The Pillowman: A Modern Fairy Tale (No Happy Ending)

Kitchen Dog Theater's Latest is creepy-cool look at the written word and the scars of child abuse.

It's also a hell of a way for Kitchen Dog to open its 18th season. Co-directed by Christina Vela and Jonathan Taylor, this production benefits from a deep bench of talent with actors who work closely in ensemble scenes and then break out for those extended monologues. Trull, a company member at KDT and Dallas Theater Center, is the perfect pasty-faced patsy in the early scenes, then he roars to life as his Katurian character finds the strength to try to outsmart his captors. As Tupolski, the detective played by Jeff Goldblum on Broadway, Ian Leson adopts some of Goldblum's vocal mannerisms, delivering dialogue as though it had no punctuation to indicate stops and starts. Come to think of it, tall, handsome Leson is always a little Goldblumian in every role he plays, but here he's especially chilling and brilliant.

As the "bad cop," Ariel, Michael Federico is a worthy counterpuncher to Leson, though his character is thinly written except for a few angry outbursts. Cameron Cobb takes on what could be the "Rain Man role" as Michal, Katurian's childlike brother. He has the longest, most difficult story to tell at the end of Act 1, and his performance never goes, to use a current inelegant phrase, "full retard."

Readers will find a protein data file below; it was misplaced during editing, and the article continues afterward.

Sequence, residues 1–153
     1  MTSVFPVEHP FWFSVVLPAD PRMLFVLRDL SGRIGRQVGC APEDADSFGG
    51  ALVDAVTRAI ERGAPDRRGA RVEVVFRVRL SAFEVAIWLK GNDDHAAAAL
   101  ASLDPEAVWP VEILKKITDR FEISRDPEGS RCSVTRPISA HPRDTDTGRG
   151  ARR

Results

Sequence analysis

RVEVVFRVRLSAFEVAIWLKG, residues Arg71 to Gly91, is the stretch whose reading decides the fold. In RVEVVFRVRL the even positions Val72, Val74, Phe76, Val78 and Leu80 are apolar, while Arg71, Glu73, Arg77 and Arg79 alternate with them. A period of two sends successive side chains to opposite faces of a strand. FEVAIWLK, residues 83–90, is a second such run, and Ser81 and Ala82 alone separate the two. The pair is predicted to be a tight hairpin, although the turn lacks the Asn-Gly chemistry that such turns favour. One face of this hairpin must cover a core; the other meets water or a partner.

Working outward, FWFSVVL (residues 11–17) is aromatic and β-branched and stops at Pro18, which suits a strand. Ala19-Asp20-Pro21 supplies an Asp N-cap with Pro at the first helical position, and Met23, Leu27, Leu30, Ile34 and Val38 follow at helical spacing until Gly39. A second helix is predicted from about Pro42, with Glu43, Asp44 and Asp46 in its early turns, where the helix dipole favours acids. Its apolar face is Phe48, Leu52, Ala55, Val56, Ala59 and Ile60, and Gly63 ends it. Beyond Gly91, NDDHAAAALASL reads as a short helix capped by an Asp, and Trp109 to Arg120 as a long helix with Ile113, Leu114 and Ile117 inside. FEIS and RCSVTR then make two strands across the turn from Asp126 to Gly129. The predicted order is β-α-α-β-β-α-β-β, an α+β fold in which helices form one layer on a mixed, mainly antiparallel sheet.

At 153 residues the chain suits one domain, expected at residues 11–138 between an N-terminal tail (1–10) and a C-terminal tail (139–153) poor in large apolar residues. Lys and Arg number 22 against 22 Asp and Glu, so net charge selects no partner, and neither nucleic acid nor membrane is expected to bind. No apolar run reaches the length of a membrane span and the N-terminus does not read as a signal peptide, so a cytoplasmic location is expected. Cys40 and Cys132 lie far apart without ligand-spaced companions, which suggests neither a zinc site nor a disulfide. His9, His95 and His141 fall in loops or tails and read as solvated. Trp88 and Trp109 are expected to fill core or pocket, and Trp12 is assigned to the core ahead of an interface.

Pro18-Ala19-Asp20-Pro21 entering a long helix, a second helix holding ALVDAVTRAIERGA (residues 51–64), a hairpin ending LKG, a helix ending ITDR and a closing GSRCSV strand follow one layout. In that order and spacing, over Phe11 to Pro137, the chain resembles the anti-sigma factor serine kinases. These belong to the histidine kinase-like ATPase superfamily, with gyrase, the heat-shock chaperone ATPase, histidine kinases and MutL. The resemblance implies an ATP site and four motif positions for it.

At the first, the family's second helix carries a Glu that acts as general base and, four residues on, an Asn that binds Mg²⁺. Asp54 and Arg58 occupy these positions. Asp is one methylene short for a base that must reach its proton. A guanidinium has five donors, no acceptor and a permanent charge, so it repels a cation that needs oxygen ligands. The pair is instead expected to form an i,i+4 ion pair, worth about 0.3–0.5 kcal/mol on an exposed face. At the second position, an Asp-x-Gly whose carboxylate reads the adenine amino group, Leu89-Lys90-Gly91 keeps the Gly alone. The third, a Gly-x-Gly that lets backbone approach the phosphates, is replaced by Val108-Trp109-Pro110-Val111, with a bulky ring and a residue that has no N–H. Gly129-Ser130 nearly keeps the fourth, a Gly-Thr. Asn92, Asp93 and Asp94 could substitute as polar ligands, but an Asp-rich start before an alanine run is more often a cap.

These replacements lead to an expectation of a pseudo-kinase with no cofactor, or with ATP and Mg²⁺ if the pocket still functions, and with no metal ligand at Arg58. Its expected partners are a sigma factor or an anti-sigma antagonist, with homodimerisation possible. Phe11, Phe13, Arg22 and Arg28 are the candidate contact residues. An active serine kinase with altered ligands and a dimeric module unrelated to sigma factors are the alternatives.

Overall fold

Lee Trull (foreground), Michael Federico and Ian Leson wrestle with the complexities of The Pillowman at Kitchen Dog Theater.
Matt Mrozek
Lee Trull (foreground), Michael Federico and Ian Leson wrestle with the complexities of The Pillowman at Kitchen Dog Theater.

There are other actors and other characters in The Pillowman, but to tell you who they are and what they do would be to give away more than you should know before seeing it. Go ahead and get good and scared by this show. And then let it keep you awake a night or five afterward. Not just for its shriveled, severed baby toes and Lemony Snicket imagery, but for its warnings about the rise of the morality police. Where writers can't write freely, nobody lives happily ever after.

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